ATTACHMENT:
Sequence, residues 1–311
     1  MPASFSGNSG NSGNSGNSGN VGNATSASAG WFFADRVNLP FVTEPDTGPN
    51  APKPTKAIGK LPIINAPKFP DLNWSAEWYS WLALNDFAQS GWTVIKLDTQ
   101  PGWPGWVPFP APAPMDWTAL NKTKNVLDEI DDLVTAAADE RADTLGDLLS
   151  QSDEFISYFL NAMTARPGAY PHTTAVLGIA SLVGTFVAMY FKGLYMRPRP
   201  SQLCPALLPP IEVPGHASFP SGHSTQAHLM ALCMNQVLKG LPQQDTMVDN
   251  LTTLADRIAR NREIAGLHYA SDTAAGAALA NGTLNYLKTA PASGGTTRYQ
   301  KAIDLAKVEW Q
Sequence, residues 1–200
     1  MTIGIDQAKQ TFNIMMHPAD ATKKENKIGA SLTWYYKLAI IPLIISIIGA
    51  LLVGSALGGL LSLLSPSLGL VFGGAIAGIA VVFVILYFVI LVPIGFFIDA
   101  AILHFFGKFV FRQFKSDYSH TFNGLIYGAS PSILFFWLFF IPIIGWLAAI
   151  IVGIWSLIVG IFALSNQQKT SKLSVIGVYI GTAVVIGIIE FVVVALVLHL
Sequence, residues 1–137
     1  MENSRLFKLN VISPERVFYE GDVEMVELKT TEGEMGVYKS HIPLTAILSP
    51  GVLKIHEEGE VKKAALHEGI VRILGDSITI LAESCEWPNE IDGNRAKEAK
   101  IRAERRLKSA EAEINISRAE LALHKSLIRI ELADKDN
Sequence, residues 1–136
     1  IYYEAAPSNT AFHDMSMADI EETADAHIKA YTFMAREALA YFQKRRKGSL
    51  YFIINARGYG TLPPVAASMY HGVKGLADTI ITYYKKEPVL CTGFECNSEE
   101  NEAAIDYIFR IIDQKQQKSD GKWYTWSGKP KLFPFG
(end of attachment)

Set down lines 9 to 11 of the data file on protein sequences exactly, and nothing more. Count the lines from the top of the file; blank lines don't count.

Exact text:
Sequence, residues 1–200
     1  MTIGIDQAKQ TFNIMMHPAD ATKKENKIGA SLTWYYKLAI IPLIISIIGA
    51  LLVGSALGGL LSLLSPSLGL VFGGAIAGIA VVFVILYFVI LVPIGFFIDA